O's 'used to craziness' -- and continue to rise above it

Cowser's go-ahead double, Pérez's first save of season cap Baltimore's 19th one-run victory

July 25th, 2023

PHILADELPHIA -- It was perhaps fitting that  -- a player who didn't start the game -- made arguably the two biggest plays in the Orioles' wild 3-2 series-opening victory over the Phillies on Monday night.

That's just the kind of night it was as the Orioles pulled out yet another one-run victory in front of a sold-out crowd -- one that featured plenty of Baltimore fans -- at Citizens Bank Park.

For starters, the Orioles were coming off a taxing four-game series victory over the Rays in which they took sole possession of first place in the American League East. On top of that, each of Baltimore’s top three high-leverage relievers was unavailable Monday. And if that weren’t enough, Phillies starter Cristopher Sánchez had a career game on the mound.

Making matters worse, the Orioles lost center fielder Aaron Hicks in the third inning when he sustained a left hamstring injury on a diving catch -- and replay later showed that he actually dropped the ball. It balanced out in the fifth when Anthony Santander thought he made a diving catch to rob Jake Cave, but the umpires ruled he trapped it -- and replay was inconclusive.

The night also featured ’s first career home run, an ejection (of Phillies shortstop Trea Turner) and the Orioles throwing out the potential go-ahead run at the plate on the same play that the tying run scored in the eighth.

“I feel like we play quite a bit of these types of games, so our guys are used to craziness in the last few innings,” said manager Brandon Hyde, whose club improved to an AL-best 19-9 in one-run games. “We don't really blow people out, and we don't get blown out very often. Usually, the games are tight.”

That was certainly the case Monday, when held the Phillies to just one run over seven innings to outduel Sánchez, who had a career-high eight strikeouts over seven innings of two-run ball. Those runs came on solo homers by Westburg and a Statcast-projected 451-foot shot by .

And with both Yennier Cano and Félix Bautista unavailable after pitching four of the past five days (including two straight), Kremer’s bounceback gem could not have come at a better time.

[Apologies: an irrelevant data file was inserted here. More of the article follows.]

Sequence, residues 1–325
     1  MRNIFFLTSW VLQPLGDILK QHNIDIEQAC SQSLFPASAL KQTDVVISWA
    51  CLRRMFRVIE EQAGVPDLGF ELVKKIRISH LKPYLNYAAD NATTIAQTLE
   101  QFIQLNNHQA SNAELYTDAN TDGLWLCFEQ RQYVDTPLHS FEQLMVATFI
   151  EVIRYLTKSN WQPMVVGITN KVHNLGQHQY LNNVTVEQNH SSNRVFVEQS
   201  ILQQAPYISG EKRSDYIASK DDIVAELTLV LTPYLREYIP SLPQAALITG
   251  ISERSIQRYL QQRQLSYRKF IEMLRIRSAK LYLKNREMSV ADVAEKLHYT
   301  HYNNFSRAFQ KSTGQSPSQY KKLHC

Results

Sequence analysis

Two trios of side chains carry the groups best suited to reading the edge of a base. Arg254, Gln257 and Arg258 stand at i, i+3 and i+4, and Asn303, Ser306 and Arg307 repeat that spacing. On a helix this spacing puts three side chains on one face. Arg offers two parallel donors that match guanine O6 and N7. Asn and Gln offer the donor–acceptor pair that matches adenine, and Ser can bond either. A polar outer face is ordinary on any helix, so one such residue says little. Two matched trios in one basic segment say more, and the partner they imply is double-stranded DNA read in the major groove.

“It makes it easier to sleep -- still not easy to sleep, but yeah,” said Kremer, who allowed five runs over 4 2/3 innings Wednesday against the Dodgers. “Just trying to give the bullpen a break. They did an incredible job in [St. Petersburg] this past series, and we're just looking to pick them up.”

With Mike Baumann also getting the night off in addition to Baltimore's star relief duo, Hyde turned to Danny Coulombe with a one-run lead in the eighth. Then, with two on and two out, Bryan Baker entered to face Nick Castellanos, who lined a single to left-center field.

Cowser raced into the gap to field the ball, then fired a throw to shortstop Jorge Mateo, who relayed it to the plate. With Kyle Schwarber having already scored the tying run, catcher James McCann corralled the off-target throw and dived back across home to tag Bryce Harper a moment before he slapped the plate.

“When the ball was hit to my right, I was really just trying to get something in that Jorge could handle, and he made a great pick -- I kind of short-hopped him,” Cowser said. “It ended up being a really close play, but I'm glad we got him.”

Cowser quickly followed his first career outfield assist with his first career extra-base hit -- a go-ahead RBI double in the top of the ninth off Phillies closer Craig Kimbrel.

“Like we talk about a lot, it's somebody different every night,” Hyde said. “And tonight, it was a few different guys.”

Even with Cowser promptly restoring the Orioles’ one-run lead, Hyde once again had to find an alternative for the final three outs.

Hyde opted to go with left-hander , who recorded two quick outs before allowing a hard-hit single to pinch-hitter Alec Bohm that deflected off Mateo. Pérez walked pinch-hitter J.T. Realmuto to put the potential winning run on base, but the southpaw escaped by getting Johan Rojas to ground into a forceout.

The result was Pérez notching his second career save -- and his first of 2023. On a night when Westburg and Cowser recorded firsts of their own, it was just the latest example of the resilience of an Orioles team eyeing its first postseason appearance since 2016 -- and its first pennant since 1983.

“If we want to go where we want to go, we've got to have other guys step up and be able to pitch in those kinds of situations,” Hyde said. “We can't pitch Cano and Bautista every single night. And Pérez got through it tonight.”